When the topic of conversation drifts towards investing in apartments or houses, it usually generates some debate amongst landlords.

It’s often a firmly divided camp, with those who believe that a property’s value is in the land on one side. On the other side, you’ll find those who believe that a property’s individual characteristics – such as location and number of bedrooms – are far more important than simply the dwelling type.

Many first-time investors assume houses are always the better investments because they have land, and while this can ring true, as a growing number of Australians have come to prefer living closer to the centre of town, the patterns of growth in property values has changed.

Rather than asking "Should I invest in a unit or a house?", you should be asking yourself "What type of property will deliver a bigger return on investment in the long term?"

Growth vs yield

An important distinction for any potential investor to grasp is the distinction between growth and yield. Growth refers to the underlying value of the land itself, whereas the yield refers to the improvements made to the property. When people are looking to invest in a house, they are more preoccupied with its growth potential, whereas investors in apartments more often look to the improvements that make up the quality of the apartment itself.

A quality piece of land – when you’re buying a house – always has that underlying growth potential. But when it comes to apartments the potential investor has to be a little more discriminating.

What type of apartments make the best investment?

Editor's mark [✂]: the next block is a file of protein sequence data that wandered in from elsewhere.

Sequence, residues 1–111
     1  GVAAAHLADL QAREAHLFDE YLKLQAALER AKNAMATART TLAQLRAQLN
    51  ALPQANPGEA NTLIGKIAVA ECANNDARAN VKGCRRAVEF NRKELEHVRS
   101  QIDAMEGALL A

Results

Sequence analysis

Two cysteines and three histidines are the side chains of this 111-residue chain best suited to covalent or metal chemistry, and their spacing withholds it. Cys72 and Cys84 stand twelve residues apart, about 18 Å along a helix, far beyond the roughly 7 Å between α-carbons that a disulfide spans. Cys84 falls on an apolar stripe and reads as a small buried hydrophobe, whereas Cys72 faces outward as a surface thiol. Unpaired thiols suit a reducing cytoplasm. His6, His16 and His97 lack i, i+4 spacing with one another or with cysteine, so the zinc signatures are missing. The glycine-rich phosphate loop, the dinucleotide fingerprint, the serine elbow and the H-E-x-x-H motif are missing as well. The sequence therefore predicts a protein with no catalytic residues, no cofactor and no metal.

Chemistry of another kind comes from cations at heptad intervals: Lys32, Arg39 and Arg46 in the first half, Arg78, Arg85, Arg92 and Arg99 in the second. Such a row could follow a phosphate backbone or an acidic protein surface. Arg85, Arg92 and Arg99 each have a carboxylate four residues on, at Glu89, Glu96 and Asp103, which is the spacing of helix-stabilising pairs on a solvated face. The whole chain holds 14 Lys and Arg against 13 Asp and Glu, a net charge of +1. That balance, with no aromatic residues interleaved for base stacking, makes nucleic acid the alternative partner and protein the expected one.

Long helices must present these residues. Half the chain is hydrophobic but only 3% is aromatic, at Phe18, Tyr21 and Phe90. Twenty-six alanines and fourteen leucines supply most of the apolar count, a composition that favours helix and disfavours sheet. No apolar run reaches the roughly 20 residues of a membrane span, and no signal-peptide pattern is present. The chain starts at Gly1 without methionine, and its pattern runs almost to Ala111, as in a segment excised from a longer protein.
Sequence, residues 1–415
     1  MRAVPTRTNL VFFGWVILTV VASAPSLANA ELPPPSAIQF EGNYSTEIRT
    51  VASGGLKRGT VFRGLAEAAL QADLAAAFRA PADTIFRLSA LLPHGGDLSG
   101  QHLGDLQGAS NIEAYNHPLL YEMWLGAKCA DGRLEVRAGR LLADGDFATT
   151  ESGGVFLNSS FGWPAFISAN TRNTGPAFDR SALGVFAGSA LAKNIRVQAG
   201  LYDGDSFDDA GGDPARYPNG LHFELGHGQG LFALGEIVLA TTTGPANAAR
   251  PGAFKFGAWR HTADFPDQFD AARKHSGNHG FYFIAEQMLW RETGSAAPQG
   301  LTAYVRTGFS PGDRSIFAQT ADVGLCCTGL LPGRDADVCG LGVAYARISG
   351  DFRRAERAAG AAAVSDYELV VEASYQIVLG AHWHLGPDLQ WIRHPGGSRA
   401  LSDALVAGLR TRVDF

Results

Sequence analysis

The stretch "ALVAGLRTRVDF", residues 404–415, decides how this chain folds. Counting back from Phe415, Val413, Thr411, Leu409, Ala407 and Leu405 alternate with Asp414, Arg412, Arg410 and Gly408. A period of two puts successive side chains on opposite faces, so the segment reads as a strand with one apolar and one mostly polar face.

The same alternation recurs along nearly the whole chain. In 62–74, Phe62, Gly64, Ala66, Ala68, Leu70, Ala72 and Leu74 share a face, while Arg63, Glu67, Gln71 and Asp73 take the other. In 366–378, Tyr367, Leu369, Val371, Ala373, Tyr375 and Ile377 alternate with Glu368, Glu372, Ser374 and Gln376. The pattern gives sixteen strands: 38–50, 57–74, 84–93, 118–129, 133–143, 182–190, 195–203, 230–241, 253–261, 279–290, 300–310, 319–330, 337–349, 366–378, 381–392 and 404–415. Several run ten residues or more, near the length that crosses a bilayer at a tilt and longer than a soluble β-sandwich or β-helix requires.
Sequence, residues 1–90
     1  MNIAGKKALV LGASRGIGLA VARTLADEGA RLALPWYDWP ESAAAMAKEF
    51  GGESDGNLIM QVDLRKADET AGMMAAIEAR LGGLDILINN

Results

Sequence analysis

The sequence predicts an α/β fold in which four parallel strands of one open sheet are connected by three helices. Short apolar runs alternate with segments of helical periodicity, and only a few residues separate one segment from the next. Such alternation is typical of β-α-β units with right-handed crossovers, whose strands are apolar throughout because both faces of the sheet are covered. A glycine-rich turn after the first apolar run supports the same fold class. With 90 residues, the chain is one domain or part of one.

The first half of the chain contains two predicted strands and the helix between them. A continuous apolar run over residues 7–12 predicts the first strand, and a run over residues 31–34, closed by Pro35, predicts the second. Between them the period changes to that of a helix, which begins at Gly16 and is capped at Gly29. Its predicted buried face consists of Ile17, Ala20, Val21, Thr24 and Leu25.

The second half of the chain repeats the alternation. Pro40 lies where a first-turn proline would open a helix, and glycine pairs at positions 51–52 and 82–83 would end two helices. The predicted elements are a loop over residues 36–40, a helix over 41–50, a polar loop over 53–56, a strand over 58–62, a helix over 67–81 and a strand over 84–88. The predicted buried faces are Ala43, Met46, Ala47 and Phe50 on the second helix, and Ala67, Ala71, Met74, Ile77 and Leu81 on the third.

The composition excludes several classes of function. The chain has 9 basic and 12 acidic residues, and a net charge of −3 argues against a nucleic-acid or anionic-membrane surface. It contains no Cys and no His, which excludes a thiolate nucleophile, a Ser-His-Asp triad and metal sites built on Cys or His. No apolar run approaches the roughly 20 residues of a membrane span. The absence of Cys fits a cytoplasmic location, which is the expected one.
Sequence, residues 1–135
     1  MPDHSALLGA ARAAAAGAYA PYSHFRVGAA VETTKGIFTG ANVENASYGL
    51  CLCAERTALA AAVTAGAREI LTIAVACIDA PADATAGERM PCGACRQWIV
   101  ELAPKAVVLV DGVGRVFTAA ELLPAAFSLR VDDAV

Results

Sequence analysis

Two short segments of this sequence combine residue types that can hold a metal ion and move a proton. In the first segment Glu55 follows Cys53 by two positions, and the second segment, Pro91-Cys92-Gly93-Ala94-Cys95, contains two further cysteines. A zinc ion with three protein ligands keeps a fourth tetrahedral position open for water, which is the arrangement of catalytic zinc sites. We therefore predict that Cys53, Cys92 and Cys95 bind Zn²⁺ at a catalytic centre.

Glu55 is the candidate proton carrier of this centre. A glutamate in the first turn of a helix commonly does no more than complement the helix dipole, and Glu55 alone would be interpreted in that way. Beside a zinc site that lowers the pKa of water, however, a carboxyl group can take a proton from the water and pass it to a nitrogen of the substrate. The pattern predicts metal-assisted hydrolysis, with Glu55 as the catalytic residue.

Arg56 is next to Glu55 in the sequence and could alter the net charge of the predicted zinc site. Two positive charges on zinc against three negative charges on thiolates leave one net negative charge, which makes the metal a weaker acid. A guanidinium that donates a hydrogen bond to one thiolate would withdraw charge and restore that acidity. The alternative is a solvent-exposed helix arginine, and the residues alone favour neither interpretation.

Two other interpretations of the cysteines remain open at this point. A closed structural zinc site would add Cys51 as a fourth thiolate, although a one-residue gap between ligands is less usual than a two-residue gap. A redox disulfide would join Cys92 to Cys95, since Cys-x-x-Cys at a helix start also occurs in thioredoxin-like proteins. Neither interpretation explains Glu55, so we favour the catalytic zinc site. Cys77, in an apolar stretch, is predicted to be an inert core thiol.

If you’re going down the apartments path, it’s very much about buying that older style boutique apartment. More modern high rise apartments have a relatively large number of apartments crammed onto a relatively small parcel of land, so there is an inherent limit to the kind of growth value that an investor will get out of them.

When you go down the path of an art deco or a 1960s style block, if you’re selecting the right asset, getting that notional land value up to 40-50% of the actual purchase price is very much achievable – and that’s where you’ll get the real growth kicking in for you.

Apartment location

Location is important for apartments, and not just the location of the block itself, but the location of the apartment within the complex. What’s happening in the surrounding development? Is it too close to some adjoining uses that might be putting prospective buyers or tenants off? Some people don’t want to be too close to a school or a train line.

The other really important thing from from an apartment perspective is the position of the apartment within the block because it can be dark, it can be overlooked by another building, it can be near a driveway, it can be near rubbish bins or the lift – all those things can impact upon a property’s potential for growth, but also tenant demand.